FWIL: What is the best advice you would give to aspiring legal professionals?
MB: Focus on your studies, it might seem like a mountain now and that it takes forever to finish, like you are the only one sacrificing almost everything for that degree, but those late nights and early mornings and missing social events, will really pay off.
FWIL:What skills do you think every young lawyer needs to have?MB:Definitely be organised. If your files are not organised you will spend more time looking for important documents than doing actual work.Being timeous. Your time is your biggest commodity.Also, we need to remember that as lawyers, we work with real people. People who have emotions, people that look up to you and entrust you to solve or remedy a problem. Sometimes we wear the hat of a therapist as well. So I think we must remember to be compassionate.
FWIL:As a lawyer with your own firm, what do you think is the key to getting great reviews?MB:The level of service and quality of your work is going to determine your reviews and give you your reputation. Word of mouth amongst satisfied / dissatisfied clients is the most powerful in my opinion.
FWIL:What recent change/amendment in the law has caught your attention? (Do you agree with the change? Why/why not)MB:It is not that recent but it is the 2018 case of Women’s Legal Centre Trust v President of the Republic of South Africa and Others, Faro v Bignham N.O. and Others, Esau v Esau and Others (22481/2014, 4466/2013, 13877/2015)  ZAWCHC 109;  4 All SA 551 (WCC); 2018 (6) SA 598 (WCC) (31 August 2018), which deals with Cape Town High Court which has ordered Government to pass legislation for the recognition of Muslim Marriages, in order to protect Muslim women and children’s rights.
I concur with this judgment, as the need to have Muslim marriages legally recognized is a need of today’s society.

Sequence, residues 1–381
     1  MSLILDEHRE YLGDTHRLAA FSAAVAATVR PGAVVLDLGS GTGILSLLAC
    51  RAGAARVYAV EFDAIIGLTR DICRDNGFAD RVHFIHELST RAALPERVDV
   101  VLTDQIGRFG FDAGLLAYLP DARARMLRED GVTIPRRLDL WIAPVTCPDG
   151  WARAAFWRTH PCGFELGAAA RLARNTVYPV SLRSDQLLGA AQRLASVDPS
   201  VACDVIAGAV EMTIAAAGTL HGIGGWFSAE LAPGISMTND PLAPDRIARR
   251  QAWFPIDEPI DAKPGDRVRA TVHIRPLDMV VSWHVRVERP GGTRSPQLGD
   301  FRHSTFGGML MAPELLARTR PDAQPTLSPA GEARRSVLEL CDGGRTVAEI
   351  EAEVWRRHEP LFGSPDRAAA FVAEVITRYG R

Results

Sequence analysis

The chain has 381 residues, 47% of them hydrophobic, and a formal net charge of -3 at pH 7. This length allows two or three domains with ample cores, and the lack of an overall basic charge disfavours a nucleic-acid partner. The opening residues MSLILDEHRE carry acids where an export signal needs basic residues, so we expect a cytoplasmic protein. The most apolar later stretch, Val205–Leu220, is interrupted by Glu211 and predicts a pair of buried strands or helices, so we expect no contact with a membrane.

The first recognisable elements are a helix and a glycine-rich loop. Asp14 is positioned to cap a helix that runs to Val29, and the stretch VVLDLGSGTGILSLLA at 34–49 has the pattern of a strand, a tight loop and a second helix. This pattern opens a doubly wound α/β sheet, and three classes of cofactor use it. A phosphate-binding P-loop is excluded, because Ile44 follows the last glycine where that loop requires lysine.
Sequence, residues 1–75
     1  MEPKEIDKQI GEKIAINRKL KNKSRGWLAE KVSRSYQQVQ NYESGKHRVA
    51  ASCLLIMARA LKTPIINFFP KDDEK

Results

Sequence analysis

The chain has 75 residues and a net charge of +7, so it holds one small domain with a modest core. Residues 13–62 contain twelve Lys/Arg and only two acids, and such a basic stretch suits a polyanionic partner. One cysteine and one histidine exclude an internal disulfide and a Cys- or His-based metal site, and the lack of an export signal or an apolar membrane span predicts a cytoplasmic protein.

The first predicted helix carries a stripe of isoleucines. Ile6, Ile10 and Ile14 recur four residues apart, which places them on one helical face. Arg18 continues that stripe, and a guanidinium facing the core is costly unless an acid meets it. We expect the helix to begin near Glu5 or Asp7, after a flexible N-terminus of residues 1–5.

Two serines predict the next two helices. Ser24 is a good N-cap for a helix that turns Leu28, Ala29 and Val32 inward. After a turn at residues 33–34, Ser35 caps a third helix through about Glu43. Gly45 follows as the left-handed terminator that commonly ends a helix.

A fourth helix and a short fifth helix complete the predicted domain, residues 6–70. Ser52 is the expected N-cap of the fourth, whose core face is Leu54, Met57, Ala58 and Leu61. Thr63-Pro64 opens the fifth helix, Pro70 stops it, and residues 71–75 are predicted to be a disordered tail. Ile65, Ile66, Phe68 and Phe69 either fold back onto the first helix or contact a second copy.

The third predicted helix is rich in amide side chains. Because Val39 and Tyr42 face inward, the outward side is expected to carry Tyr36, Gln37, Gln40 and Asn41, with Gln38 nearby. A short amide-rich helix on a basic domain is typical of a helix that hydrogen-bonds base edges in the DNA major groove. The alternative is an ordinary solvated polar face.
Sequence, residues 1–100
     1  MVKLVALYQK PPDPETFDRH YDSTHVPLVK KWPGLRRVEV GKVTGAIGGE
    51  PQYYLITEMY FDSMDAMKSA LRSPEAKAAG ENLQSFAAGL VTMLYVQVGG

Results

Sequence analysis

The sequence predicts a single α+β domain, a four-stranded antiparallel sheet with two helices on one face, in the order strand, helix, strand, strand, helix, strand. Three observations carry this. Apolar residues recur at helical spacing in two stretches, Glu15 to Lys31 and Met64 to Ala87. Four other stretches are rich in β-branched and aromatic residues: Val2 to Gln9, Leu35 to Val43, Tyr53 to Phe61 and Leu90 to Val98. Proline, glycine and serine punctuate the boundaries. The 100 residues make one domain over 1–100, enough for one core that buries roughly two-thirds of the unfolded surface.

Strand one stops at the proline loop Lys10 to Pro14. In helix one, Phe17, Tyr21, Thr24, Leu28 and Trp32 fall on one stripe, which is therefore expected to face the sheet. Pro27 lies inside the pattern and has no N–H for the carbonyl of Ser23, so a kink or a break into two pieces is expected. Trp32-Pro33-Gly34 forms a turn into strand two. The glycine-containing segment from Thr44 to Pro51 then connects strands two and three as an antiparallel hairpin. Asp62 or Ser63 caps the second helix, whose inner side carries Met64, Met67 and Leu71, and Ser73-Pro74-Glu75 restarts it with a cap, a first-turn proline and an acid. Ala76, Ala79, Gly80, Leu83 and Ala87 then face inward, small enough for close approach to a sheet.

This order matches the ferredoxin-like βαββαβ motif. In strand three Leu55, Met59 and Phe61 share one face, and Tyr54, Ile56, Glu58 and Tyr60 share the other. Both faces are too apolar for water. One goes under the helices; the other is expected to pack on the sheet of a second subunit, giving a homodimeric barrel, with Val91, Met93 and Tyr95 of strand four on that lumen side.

FWIL: The world is constantly changing, in your opinion, what are some of the challenges that legal professionals will face in future?
MB: Technology is beneficial when it is time conscious and improves work and our lives, but state departments (Deeds Registry and the High Court) who want to go electronic in certain aspects of their systems are not in my opinion beneficial. Many people will lose their jobs if everything goes electronic, also when some departments are not even functioning properly and are offline most of the time, what will it be like when it everything goes electronic and you cannot physically access information or speak to a staff member?These challenges will cause more frustration in the legal profession.
FWIL: As a legal professional, it is quite important to effectively use your network. How do you meet other legal professionals and what are some of your effective networking skills?
MB: Working in the Deeds Office for a few years has fortunately resulted in meeting quite a few legal professionals. I have established a Women’s Legal Networking Whatsapp Group in June 2019, where I have also met a few ladies, but I think one can network anywhere you are – whether it is standing in a queue at the bank or doing shopping – small talk leads to “So what do you do” and that is when the conversation starts.
FWIL: What does the term “role model” mean to you? Which phenomenal woman in law would you call your role model?
MB: Role model would be someone I can learn from and incorporate in my own life. I would say a fellow colleague Mrs Ilizma Quinn fits the description of role model to me. She works hard and despite having so many years of experience, is always eager to know and learn more. Many people in the field loathe being corrected, especially in conveyancing, she is not one of them. I respect her for this a lot. She is also always interested and supportive in whatever her fellow colleagues do.
FWIL: What books have you read that have greatly influenced your life?
MB: The Four Agreements: A Practical Guide to Personal Freedom – by Don Miguel Ruiz
FWIL: What’s a quote that you live by? Your mantra
MB: “I suppose there are a lot of reasons to be jaded or sarcastic or bitter in life, but I hang on to the reasons why life is beautiful.” – Kelli O’Hara
FWIL: What is your take on mentorship and are you open to mentoring young lawyers or law students?
MB: Mentorship in the legal field is vital. Not all young lawyers or students get the necessary exposure they need in order to be equipped for practice. I am very happy and open to assist in the fields I can give exposure to others.
FWIL: How can people reach out to you? (social media handles)
Facebook: @Marlene Brits Attorneys
Linkedin: Marlene Brits